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		                                    Thinking Torah Blog		                                </span>

05/18/2023 05:00:00 PM


Rabbi Josh Whinston

When I stand with students as we pass the Torah from one generation to the next at our B'nei Mitzvah services, I always bring up the idea that we receive so much from our elders. Many of the values, likes, dislikes, and even favorite phrases each of us have come from our parents and grandparents. These things are part of our family's cultural DNA. Our families set our course in so many ways. There are many beautiful ways this plays out for us; sometimes, however, this can be less than wonderful. However, we aren't necessarily bound to that course, and we aren't fated to repeat problematic behaviors, but we do need to be aware of how our family shapes each of us.

In his book, Floating Takes Faith, Rabbi David Wolpe writes that Judaism notes time, not in eras or numbers, but by people. It is why the Torah is full of begets. It is why we know there are ten generations from Adam to Noah and another ten from Noah to Abraham. People are at the center.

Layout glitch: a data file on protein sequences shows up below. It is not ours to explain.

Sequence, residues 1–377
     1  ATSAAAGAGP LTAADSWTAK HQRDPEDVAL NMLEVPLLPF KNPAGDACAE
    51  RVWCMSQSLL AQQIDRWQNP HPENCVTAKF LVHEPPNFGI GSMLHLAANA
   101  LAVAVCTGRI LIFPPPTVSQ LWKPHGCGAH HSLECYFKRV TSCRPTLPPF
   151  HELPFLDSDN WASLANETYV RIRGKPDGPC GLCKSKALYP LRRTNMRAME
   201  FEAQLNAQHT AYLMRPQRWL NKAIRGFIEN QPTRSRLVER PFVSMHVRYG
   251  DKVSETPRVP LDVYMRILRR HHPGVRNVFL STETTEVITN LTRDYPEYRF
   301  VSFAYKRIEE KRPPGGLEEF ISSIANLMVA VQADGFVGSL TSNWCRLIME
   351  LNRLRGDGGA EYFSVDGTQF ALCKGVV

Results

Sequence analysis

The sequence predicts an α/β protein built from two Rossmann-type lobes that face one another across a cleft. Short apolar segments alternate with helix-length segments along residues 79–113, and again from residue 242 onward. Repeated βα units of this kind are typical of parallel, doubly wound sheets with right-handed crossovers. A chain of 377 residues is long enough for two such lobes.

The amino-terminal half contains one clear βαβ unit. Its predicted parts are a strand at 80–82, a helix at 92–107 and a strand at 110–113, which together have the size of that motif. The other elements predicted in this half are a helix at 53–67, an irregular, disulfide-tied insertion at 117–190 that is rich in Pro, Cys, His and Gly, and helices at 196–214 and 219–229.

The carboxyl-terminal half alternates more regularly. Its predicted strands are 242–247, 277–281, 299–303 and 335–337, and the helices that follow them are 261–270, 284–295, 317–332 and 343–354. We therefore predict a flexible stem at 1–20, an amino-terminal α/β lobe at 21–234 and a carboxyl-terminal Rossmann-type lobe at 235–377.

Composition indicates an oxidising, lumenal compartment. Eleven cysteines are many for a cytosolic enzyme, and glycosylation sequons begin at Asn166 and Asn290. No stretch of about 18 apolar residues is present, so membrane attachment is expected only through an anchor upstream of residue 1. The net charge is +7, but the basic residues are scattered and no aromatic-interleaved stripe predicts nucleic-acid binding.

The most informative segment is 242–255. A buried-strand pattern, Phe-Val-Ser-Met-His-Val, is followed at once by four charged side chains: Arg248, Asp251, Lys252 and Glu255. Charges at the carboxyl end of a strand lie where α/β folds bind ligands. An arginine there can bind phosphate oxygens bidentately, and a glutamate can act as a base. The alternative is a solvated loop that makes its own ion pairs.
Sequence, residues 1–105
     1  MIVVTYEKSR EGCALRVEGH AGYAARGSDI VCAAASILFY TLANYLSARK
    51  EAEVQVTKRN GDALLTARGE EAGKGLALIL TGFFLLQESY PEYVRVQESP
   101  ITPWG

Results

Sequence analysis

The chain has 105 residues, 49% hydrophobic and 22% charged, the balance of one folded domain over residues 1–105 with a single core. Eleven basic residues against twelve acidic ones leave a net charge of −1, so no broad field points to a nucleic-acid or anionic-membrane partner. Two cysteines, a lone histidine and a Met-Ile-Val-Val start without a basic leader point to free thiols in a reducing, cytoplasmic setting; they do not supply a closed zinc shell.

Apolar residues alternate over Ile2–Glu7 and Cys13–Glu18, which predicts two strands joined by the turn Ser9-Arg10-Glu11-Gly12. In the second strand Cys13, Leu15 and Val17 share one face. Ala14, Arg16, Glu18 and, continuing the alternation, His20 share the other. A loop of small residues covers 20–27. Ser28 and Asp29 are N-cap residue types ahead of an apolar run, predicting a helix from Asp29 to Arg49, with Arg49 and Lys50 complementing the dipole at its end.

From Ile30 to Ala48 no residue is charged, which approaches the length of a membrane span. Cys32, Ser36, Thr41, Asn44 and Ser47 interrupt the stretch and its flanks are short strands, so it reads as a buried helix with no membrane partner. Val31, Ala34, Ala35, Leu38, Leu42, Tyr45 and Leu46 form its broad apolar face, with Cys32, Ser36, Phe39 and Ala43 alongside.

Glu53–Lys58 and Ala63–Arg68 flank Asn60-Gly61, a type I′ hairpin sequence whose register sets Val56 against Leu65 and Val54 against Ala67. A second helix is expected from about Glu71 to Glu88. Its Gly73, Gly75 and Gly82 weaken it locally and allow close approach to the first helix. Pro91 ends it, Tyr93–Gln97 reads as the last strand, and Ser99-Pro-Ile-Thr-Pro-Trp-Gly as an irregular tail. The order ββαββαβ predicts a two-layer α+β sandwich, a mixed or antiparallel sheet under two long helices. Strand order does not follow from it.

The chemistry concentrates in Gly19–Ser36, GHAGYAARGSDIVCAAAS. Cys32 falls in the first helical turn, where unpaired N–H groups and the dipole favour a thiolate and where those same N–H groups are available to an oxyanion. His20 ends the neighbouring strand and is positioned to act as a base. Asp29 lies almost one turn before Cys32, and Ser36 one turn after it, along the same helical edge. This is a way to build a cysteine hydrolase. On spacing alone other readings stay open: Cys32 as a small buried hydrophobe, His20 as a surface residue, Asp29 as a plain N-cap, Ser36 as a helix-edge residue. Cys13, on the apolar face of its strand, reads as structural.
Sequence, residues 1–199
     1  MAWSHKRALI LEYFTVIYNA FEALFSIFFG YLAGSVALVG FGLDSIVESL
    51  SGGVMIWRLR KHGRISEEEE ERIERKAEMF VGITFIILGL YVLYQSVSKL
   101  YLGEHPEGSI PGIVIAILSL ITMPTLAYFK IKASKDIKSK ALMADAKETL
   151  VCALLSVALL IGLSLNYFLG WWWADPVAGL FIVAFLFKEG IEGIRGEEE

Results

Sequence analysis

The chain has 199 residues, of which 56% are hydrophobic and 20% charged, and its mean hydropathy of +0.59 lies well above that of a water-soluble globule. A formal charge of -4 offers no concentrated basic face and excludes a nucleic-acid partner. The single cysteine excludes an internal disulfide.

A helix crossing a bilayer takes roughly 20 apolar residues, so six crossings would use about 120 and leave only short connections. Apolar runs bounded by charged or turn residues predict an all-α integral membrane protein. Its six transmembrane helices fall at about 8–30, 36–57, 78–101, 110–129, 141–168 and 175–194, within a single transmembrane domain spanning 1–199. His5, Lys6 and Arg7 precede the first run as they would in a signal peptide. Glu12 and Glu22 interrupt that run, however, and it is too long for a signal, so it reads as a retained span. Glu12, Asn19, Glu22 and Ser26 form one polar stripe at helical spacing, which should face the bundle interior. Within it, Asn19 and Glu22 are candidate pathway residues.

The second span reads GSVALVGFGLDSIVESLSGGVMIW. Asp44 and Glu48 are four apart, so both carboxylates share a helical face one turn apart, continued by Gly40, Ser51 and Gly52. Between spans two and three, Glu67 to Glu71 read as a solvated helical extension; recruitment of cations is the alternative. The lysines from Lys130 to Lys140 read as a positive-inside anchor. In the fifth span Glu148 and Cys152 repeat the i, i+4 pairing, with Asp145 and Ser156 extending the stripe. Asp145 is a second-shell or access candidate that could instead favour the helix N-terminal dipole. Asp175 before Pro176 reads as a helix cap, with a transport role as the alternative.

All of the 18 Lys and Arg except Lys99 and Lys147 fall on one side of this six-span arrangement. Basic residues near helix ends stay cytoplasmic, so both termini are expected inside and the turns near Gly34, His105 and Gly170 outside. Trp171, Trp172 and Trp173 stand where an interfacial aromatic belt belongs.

13 is the age of maturity in Judaism. It is the age at which our tradition says we become responsible to God and the commandments. I want our kids to understand that they have come to this moment in their lives with the help of so many others. Their path is neither predetermined nor completely free from the incredible influence of the people who make up our most intimate circle, our family.

As we open the book of Numbers this week and hear the names of the many tribal leaders, I wonder how those ancestors of old play out in our lives today. Is there some minute drop of influence they still share with us? But, more concretely, we all might ask, "In what way am I the person I am today because of those who came before me?"

Sat, July 13 2024 7 Tammuz 5784